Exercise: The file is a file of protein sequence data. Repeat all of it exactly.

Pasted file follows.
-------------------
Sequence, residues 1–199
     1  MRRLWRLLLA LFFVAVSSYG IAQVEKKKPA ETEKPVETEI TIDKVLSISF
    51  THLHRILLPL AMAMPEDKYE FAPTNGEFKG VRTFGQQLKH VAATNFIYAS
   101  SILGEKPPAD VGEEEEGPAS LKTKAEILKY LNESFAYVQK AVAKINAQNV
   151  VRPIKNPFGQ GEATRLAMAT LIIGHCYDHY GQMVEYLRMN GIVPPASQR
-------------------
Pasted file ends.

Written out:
Sequence, residues 1–199
     1  MRRLWRLLLA LFFVAVSSYG IAQVEKKKPA ETEKPVETEI TIDKVLSISF
    51  THLHRILLPL AMAMPEDKYE FAPTNGEFKG VRTFGQQLKH VAATNFIYAS
   101  SILGEKPPAD VGEEEEGPAS LKTKAEILKY LNESFAYVQK AVAKINAQNV
   151  VRPIKNPFGQ GEATRLAMAT LIIGHCYDHY GQMVEYLRMN GIVPPASQR